Back to Mormonism Researched Page
Reviewing Charles Larson "By His Own Hand Upon Papyrus", Institute for Religious Research, Grand Rapids Michigan, 1992.
Research by Kerry A. Shirts
There are so many things incorrect in this book that it is hard to wonder where to start. I'll examine it in several posts and not necessarily from page 1 to page 240 (counting the Index). Instead I'll just note problems that Larson has and we can examine and discuss them and bring them out as we go.
It has always fascinated me that the papyri brings out the worse in scholarship with anti-Mormons. Apparently they feel that it is safe to say just whatever pleases their fancy because there are so few who can check into it, and again there are so few who care less. Those of us who take it rather seriously however, do check into it and always find misconceptions with the anti view. Larson is certainly no exception.
On p. 137f, I find the most glaring and humorous example of Larson missing it altogether, perhaps more here than anywhere else in his book. Discussing what Larson calls the "Catalyst Theory" of how the BofA came about, he complains that the vague hypothesis that Joseph Smith sought revelation from the Lord concerning the papyri and received in the process, the BofA, is simply silly! And he screams for over three italicized paragraphs as to why this account will never do. (Incidentally, I note as an aside that Larson simply will not accept what any Mormon scholar says, so in light of the silliness of this idea of Joseph receiving revaltion, what does Larson think of Michael Marquardt's discovery - another anti-Mormon of all things! - that Warren Parrish, who worked with Joseph Smith claimed that "I have set [sic] by his, Joseph Smith's side and penned down the translation of the Egyptian Hieroglyphics [sic] as he claimed to receive it by direct inspiration from heaven." Letter from Warren Parrish, Kirtland Ohio, Feb. 5, 1838; "Painsville Republican", Vol. 2, nos. 14,15; Feb. 15, 1838, whole # 67). So since Larson will not accept a Mormon who points this out, will he accept one of his own fellow anti-Mormons who also note that divine inspiration may have had a part in all this? (in Michael Marquardt - "The Book of Abraham Papyrus Found" 1975, p. 5).
Anyway, Larson claims that the catalyst theory is "fatally flawed" because it does what no Biblical Fundamentalist Christian can possibly conceive of God doing, namely, associating his sacred truth with a document consisting of "prayers to pagan Egyptian gods, and ripe with occultism...it is inconceivable, given God's holy character as received throughout the Bible, that He would associate Himself or his truth in any way with such pagan occult documents." (p. 138 - de-emphasis mine). Larson refers the reader to his analysis on pp. 119,120 where we find)... after Larson's demonstration that God disassociates the Israleites from the pagan neighbors of theirs that "Since the Joseph Smith Papyri have been identified with absolute certainty as prayers to pagan Egyptian gods that, by biblical definition are ripe with occultism, it is inconceivable, given the holy character of God that he would associate Himself or His revelation in any way with these pagan religious documents. This fact alone is ample grounds for totally rejecting the Book of Abraham as a revelation from the one True and Living God." (p. 120 de-emphasis mine).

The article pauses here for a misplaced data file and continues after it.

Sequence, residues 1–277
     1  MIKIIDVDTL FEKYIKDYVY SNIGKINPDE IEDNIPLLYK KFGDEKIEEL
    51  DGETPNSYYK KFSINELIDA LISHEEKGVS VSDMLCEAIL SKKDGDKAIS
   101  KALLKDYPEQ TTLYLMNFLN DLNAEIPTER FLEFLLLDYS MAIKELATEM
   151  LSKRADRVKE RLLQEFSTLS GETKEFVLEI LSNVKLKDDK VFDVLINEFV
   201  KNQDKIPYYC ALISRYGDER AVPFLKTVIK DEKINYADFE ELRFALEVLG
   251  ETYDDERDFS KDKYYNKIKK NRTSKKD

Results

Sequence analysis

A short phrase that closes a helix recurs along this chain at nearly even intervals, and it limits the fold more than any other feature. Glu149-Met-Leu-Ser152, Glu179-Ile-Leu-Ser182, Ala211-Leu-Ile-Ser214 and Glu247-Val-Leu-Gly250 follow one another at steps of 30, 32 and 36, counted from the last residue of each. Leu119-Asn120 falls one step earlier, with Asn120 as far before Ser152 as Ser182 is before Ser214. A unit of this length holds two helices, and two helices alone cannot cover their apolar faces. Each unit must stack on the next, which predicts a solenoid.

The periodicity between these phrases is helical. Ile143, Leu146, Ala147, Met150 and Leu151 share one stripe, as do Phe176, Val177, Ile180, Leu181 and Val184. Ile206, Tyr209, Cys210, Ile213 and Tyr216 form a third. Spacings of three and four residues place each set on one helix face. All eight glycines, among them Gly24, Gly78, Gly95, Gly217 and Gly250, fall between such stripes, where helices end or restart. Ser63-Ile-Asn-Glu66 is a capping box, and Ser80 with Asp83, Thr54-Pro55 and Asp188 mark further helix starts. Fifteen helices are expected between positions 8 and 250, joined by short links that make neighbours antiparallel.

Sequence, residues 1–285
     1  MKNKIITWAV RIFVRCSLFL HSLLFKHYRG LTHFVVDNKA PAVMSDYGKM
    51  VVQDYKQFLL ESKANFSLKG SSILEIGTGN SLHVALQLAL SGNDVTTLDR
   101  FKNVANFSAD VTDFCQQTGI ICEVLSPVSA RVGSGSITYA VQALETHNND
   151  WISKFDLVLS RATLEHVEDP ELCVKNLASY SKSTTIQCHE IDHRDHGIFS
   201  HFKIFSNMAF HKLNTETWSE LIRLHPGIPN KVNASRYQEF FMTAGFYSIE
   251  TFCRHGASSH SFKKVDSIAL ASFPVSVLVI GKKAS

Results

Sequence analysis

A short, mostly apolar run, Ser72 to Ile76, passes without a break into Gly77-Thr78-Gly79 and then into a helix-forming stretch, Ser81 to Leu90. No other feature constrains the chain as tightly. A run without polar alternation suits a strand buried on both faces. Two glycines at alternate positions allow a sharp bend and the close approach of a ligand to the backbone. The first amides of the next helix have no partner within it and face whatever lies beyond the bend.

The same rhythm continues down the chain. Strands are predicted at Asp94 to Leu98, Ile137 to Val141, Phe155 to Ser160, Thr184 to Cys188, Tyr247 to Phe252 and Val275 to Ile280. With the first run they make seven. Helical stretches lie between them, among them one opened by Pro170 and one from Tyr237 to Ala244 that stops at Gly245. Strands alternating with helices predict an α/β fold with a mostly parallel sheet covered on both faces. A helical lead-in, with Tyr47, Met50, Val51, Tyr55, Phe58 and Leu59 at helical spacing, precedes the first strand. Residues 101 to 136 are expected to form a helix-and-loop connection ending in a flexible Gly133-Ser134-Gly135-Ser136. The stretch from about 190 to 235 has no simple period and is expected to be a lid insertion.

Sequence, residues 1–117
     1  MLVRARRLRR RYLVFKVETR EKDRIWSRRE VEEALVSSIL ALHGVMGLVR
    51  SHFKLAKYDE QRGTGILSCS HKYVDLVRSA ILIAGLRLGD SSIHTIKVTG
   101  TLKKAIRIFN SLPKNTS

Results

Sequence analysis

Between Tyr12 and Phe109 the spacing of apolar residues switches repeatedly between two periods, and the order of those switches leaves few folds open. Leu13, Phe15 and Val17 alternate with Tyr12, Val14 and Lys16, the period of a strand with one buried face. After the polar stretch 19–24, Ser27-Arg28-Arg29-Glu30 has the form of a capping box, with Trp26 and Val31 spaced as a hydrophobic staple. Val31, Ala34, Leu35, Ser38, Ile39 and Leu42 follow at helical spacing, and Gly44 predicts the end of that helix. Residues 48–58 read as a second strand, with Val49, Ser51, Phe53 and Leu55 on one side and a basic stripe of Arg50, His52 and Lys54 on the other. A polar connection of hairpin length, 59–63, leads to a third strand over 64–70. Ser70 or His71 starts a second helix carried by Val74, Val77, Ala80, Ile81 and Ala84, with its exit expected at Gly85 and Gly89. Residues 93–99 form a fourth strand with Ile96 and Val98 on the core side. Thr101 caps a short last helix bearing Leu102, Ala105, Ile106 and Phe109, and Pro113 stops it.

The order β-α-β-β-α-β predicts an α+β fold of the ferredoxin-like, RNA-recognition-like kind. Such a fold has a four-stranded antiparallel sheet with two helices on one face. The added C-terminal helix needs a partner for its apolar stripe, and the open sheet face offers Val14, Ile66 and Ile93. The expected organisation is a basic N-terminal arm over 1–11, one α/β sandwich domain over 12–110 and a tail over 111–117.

Now this is an interesting argument! Larson uses Klaus Baer, Richard Parker, and John Wilson, as well as Dee Jay Nelson, James R. Harris, Ed Ashment, Hugh Nibley, Michael H. Marquardt, Donl H. Peterson, Michael D. Rhodes, Jerald and Sandra Tanner, John Tvedtnes, Kirt Vestal, Robert C. Webb, Franklin S. Spaulding and a host of other experts, Egyptologists, and Mormon scholars, and absolutely NONE of them,
No, not one, has ever, concluded that the Book of Breathings, Joseph Smith Papyri are prayers to pagan Egyptian Gods! The Joseph Smith Book of Breathings is addressed to *no* Egyptian gods; rather it is addressed to a human individual and reminds him of promises made to him and things he has experienced. Where we may ask, in all of Papyrus Joseph Smith Xi-X is there any prayer to any Egyptian god? Hor is the name of an individual Egyptian man. His Father's name is Rmny-qey, and his mother's name is Tay-hbyt; the name is clearly identified as personal rather than divine. He simply condemns to contents of the papyri without ever examining them or understanding what they are about at all. He cannot even identify the contents of the various papyri correctly! (pp. 62, 120, 138). (John Gee- Review of Books", Vol. 4, 1992, pp. 104f).